Astronomers said Goldilocks Star is the best place to look for life, In searching for life outside Earth, astronomers look for planets in the “habitable zone” of stars, sometimes referred to as the “goldilocks zone”. It is precisely the temperature at which liquid water is present on the surface of the planet to feed life as we know it.

The idea that emerged, supported by a series of star studies spanning three decades, was that there were “Goldilocks Stars” – not too hot, not too cool, and most not too hard to take on a life-saving planet. Because our sun has sustained life on Earth for nearly 4 billion years, conventional wisdom shows that such stars will be prime candidates in the search for other potentially habitable worlds. In fact, stars that are slightly cooler and less radiant than our sun, which are classified as K-dwarfs, are “real gold stars,” Researcher said. “K-dwarves are in the” sweet spot “, with properties that lie between the rarer, brighter, but shorter-lived solar stars (G stars) and more red dwarfs (M stars).

K-Stars, especially warmer ones, have the best of all worlds. If you are looking for a habitable planet, the abundance of K-Stars increases your chances of finding life.

Credits: NASA, ESA and Z. Levy (STScI)

This infographic compares the properties of three star classes in our galaxy: solar stars classified as G stars; A star that is less massive and cooler than our sun is a K-dwarf. and even paler and cooler stars are reddish dwarfs.

The graph compares the stars in several important variables. Habitats that have the potential to host wider life-threatening planets for hotter stars. The life expectancy of M stars from the Red Dwarves can exceed 100 billion years. Dwarfs can be between 15 and 45 billion years old. And our sun only lasts 10 billion years. The relative amount of harmful radiation (for life as we know it) emitted by stars can be 80 to 500 times stronger for M dwarves than our sun, but only 5 to 25 – for orange K dwarves sometimes more intense. Red dwarfs make up the largest portion of the Milky Way population with 73%. Sun stars make up only 6% of the population and dwarf K is 13%. When these four variables are balanced, the dwarf K is the star that is most suitable for accommodating advanced life forms.

To begin with, there are three times more K-dwarves in our galaxy than stars like our sun. About 1000 K stars are within 100 light years in front of our sun as a prime candidate for research. This orange dwarf lives between 15 and 45 billion years. Unlike us, our sun, which is already in the middle of life, only last 10 billion years. The relatively fast star formation will leave the earth largely uninhabited for another 1 or 2 billion years.

This is because in a billion years or more, the Earth will orbit in the warmer (in) part of the sun’s habitable zone, which moves outward when the sun becomes warmer and brighter. As a result, the Earth will dry up due to loss of atmosphere and oceans at this time. After 9 billion years, the sun turns into a red giant that can reach the earth.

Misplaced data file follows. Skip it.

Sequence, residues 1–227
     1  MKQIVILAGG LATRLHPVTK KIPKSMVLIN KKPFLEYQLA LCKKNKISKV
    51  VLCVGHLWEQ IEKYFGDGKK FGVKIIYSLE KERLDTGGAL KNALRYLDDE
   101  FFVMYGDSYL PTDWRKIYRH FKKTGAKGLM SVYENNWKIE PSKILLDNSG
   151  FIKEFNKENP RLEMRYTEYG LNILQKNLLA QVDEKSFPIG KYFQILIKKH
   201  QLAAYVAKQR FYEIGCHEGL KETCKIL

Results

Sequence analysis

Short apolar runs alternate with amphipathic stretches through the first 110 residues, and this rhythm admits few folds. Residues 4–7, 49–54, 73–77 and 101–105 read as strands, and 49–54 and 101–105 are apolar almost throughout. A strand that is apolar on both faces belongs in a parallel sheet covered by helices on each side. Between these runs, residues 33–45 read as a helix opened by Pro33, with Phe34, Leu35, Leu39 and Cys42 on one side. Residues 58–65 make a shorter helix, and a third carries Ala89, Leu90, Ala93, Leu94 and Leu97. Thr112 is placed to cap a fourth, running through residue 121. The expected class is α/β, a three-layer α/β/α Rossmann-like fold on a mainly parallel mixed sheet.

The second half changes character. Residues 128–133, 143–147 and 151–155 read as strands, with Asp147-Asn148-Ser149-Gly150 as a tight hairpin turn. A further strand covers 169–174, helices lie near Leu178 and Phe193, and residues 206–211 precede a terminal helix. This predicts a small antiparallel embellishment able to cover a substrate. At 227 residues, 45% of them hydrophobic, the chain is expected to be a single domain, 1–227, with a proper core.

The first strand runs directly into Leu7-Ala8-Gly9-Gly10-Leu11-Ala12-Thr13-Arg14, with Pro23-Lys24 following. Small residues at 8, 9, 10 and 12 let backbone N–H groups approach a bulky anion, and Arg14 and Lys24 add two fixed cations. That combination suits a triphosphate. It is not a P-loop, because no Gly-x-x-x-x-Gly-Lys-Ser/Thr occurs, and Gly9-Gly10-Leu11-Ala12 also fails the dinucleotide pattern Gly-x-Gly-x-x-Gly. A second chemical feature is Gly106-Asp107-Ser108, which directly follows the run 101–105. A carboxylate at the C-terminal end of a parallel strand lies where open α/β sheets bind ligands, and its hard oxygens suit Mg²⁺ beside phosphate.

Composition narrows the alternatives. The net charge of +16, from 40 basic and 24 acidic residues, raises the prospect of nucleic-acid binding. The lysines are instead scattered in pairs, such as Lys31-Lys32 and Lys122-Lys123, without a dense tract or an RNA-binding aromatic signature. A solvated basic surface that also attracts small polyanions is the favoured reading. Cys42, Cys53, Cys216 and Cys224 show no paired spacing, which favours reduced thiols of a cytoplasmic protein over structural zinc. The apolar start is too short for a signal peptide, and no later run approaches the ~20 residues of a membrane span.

Despite their small size, the more common red dwarf star, also known as M dwarf, has a longer lifespan and, as we know, appears hostile to life. The planets, which are located in a relatively narrow zone and can be inhabited by red dwarfs around the star, are exposed to extreme X-rays and UV rays, which can reach hundreds of thousands of times more powerful than Earth from the Sun: Fireworks without mercy from explosions and the mass of the coron bombarded the planets with gusts of boiling plasma and rained down on high-energy particles that penetrate. The habitable planet of the Red Dwarves can make their bones dry and their atmosphere diminished very early in their lives.

This will likely prevent the planet from becoming more friendly a few billion years after the eruption of the Red Dwarf disappeared.

Dwarf K does not have an active active magnetic field that eats strong X-rays and ultraviolet emissions and energy surges, which is why they shoot less frequently, according to Guinan’s research. The accompanying planets will receive about 1/100 deadly X-rays orbiting around areas that are inhabited by magnetically active M stars.

Hubble’s observations of hydrogen radiation with ultraviolet light were used to estimate the radiation from samples of about 20 orange dwarves. .

K-Stars also have a longer lifespan and therefore slower life zone migration. Therefore, the dwarf K seems to be the perfect place to look for life, and these stars will give time for highly developed lives to develop on this planet. During the entire solar life – 10 billion years – K stars only increase their brightness by about 10-15%, which gives biological evolution a much longer time than on Earth to develop advanced life forms.

In the past 30 years, researchers have observed various types of stars. Based on their study, researchers have identified a relationship between star age, rotation rate, X-rays, and radiation. This data is used to investigate the effects of high energy radiation in the atmosphere and the possibility of planet life.